Rosalynn Carter, Former First Lady and Founder of the Rosalynn Carter Institute for Caregiving, once said:
“There are only 4 kinds of people in this world: those who have been caregivers; those who currently are caregivers; those who will be caregivers; and those who will need caregivers.”
I think most people can agree that no one chooses to be a caregiver. It’s just one of those realities of life. It’s challenging, rewarding and everything in between. This is mine and my dad’s story.
Even though I haven’t lived in the same city as my dad since 1999, we have remained extremely close. We traveled the world together going to see soccer matches in Barcelona, Wimbledon matches in England and even Pearl Jam concerts in Hyde park.
It was back in 2009 that I started to notice he was changing. Things that always came easy to him were all of a sudden harder and he became increasingly slower each time I saw him. His memory loss was a big change, and for a man who played tennis for 2 hours a day, 3 days a week until he was 72, his tennis game was changing too.
It was clear to me that something was going on with him. Every time I saw him, I was shocked that no one else saw the changes that were so clear to me. But they were too close. My mom maybe didn’t see the changes, or she didn’t want to see the changes, but I knew something was wrong.
This was my first challenge. How do I get my mother, who is 11 years younger than my dad, to accept her new reality. Was she ready to become a caregiver? Did she even understand all that it entailed?
The next challenge I faced was housing. They lived in a 3 story house, the same house they had lived in for decades. As my dad began to slow down more and more, the home was now a danger to him. Worrying about him walking up and down the stairs kept me up at night and trying to convince my mother to leave the life she had grown accustomed to, and change her routine when it wasn’t her who needed the change, was extremely difficult. It took 3 years, but I finally convinced my parents to move into a condo and sell the house.
In 2011 my dad was diagnosed with Alzheimer’s and put on a medication called Aricept. Our experience with doctors and the Canadian healthcare system was terrible. His own doctors seemed disinterested in him, as if they were just going through the motions of a 9-5 job. This infuriated me more than anything. Aren’t doctors supposed to care about helping their patients?
It was around this time that I moved from Manhattan to Scottsdale, and in our new town my son made a friend at school whose dad happened to be a top neurosurgeon in the US. At an event for his hopital one night, I described to him my father’s symptoms, which included fogginess, shuffling his feet and a loss of bladder control. He looked me in my eyes and said “Your dad doesn’t have Alzheimer’s, I need to see him.”
The next phase in my caregiving journey centered around this unexpected great news. It turned out my dad had NPH, where excess spinal fluid puts pressure on the brain and leads to Alzheimer’s-like symptoms. The amazing news was that it was mostly reversible by simply putting a shunt in his head, a routine 30 minute procedure. While thrilled, I was even more upset that his other doctors never caught this. In fact, the MRI of his brain showed little to no atrophy of his brain. How could they say he had Alzheimers? Three precious years were lost forever.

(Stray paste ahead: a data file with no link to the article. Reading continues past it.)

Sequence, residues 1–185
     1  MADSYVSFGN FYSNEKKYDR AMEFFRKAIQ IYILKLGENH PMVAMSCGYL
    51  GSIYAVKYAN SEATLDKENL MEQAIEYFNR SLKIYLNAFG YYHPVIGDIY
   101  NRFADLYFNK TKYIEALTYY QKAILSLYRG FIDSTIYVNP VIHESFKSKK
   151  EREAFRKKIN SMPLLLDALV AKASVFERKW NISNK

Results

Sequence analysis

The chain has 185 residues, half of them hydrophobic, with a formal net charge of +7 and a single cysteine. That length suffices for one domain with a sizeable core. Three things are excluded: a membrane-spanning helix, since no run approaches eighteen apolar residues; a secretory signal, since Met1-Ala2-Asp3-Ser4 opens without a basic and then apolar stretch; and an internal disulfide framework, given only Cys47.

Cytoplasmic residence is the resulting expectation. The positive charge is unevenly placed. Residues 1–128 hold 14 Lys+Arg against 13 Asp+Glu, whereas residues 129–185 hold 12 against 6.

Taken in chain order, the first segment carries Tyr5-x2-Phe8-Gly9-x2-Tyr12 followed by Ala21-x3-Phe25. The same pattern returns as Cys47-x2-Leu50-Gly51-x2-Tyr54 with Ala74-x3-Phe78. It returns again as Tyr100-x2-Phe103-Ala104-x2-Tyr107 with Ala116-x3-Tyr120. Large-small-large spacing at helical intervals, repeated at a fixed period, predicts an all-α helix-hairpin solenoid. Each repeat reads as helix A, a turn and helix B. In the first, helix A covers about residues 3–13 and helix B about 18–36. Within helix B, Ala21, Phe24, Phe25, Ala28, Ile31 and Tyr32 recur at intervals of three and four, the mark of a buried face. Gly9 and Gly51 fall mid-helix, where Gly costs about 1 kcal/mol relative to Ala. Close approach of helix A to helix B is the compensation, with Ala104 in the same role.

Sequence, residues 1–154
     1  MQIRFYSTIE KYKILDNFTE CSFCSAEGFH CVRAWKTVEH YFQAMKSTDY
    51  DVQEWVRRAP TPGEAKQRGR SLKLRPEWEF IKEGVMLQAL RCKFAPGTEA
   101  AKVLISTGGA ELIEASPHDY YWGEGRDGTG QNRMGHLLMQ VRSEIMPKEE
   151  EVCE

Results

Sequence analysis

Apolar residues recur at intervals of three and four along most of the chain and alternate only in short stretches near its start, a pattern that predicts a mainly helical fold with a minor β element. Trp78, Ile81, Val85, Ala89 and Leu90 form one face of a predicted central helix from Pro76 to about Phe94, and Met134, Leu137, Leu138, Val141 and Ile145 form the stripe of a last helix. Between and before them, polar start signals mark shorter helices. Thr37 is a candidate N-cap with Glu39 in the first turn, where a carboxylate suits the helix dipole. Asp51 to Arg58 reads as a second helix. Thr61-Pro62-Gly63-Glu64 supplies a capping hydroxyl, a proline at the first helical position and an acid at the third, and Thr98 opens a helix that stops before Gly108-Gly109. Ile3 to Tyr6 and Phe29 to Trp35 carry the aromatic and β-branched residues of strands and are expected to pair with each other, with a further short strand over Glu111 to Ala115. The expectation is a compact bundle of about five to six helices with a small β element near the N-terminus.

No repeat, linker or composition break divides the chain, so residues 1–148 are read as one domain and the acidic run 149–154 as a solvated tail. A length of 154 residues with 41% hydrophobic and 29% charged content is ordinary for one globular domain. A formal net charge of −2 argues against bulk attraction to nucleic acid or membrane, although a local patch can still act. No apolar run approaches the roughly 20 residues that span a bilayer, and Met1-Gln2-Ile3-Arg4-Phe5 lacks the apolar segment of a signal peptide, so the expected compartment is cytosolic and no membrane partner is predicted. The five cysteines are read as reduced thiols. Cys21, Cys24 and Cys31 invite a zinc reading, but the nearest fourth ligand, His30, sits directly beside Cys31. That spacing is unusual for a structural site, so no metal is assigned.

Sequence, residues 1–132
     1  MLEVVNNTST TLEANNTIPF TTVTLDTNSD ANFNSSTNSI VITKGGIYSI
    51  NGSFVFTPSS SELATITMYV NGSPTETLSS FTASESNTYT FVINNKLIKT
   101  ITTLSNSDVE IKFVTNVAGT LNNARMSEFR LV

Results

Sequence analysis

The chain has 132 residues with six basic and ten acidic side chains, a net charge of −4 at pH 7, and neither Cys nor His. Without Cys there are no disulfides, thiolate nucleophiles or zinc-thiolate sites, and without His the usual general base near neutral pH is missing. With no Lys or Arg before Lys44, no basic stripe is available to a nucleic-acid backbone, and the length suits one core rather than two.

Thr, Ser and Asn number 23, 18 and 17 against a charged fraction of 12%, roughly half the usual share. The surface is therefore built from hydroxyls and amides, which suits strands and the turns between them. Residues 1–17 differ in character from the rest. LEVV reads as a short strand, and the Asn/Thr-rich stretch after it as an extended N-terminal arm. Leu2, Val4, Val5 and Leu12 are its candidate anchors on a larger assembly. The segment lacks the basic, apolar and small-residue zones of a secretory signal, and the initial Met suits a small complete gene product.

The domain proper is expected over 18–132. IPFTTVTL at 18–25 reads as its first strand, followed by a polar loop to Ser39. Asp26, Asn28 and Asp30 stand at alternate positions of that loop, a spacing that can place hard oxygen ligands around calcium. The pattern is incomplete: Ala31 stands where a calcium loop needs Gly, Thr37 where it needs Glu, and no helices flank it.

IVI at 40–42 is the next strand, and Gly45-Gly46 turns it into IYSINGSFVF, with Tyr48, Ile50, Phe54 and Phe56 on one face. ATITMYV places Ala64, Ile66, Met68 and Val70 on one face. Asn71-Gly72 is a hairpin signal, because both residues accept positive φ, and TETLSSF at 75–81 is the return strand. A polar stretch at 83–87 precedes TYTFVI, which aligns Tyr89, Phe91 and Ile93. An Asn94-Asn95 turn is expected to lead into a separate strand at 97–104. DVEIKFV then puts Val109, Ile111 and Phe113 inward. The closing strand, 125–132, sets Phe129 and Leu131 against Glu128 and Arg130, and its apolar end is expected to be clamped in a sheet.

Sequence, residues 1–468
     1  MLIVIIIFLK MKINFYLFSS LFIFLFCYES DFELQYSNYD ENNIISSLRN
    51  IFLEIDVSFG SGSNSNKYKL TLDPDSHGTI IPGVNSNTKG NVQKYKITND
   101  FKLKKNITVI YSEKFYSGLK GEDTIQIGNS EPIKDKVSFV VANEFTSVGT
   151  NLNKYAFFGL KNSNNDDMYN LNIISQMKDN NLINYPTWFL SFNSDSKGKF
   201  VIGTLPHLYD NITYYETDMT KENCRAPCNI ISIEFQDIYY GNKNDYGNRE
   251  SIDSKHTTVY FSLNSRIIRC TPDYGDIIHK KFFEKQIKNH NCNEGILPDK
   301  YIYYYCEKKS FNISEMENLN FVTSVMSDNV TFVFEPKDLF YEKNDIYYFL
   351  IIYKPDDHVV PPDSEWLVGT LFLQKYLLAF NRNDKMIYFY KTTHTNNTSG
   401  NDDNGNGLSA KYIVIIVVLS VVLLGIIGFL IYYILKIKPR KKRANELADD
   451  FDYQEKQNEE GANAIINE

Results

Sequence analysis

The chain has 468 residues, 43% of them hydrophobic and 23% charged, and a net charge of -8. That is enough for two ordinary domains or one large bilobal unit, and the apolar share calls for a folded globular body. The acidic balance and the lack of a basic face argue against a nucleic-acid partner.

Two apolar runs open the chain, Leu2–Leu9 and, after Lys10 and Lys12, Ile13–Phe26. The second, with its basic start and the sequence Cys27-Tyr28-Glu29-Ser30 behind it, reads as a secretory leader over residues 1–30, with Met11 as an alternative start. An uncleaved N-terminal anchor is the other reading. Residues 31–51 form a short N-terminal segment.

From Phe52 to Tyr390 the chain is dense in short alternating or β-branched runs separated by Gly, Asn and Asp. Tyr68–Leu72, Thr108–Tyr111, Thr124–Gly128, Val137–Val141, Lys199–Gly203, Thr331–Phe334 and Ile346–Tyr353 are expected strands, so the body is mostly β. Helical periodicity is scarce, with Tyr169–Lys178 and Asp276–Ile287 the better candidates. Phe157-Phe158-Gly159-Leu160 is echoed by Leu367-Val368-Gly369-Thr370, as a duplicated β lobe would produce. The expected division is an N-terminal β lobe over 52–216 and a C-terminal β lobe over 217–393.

Within hours of the shunt procedure, my father was a completely different person. He got out of his hospital bed and was walking around with ease. He was asking me about the stock market. It was amazing – it was as if the clock had just rewound 5 years. It wasn’t as if my dad was running marathons, or solving complicated problems but he was noticeably better, to the point where were able to continue our global travels together after the procedure.
In 2014, even with the improvements he had made, he still needed some help. This is when I started the financial caregiving part of my journey. We had been given a second chance to do things right and my dad asked me to take over his finances. As we went over all of his accounts, advisors, passwords and documents, I realized that my mom was completely in the dark about their finances too. And as I looked for a tool to help me pull all of his information together in one place where my mom and I could both access everything, I grew more frustrated.
The number of people in need of care in the United States is expected to reach 117 million by 2020, according to AARP. And a recent survey by Holiday Retirement shows 2 of every 5 adults between 40-60 years old have had to step up and help their aging parents manage their finances – and spend 2 hours each week doing it. With such a massive slice of the North American population affected, how could there be no solution to making financial caregiving easier?
So I decided to create Onist to help families and caregivers manage their loved ones’ finances with the important people in their lives. The Onist platform made it easy for my family to see everything my dad owned and owed in one place, to consolidate all of his important financial documents in one place, and to connect with his various professionals around his financial matters. Now my dad and I spend less time worrying about finances, and more time talking about tennis and other things he cares about. I’m immensely grateful for that.
Read more about how Onist came to be here.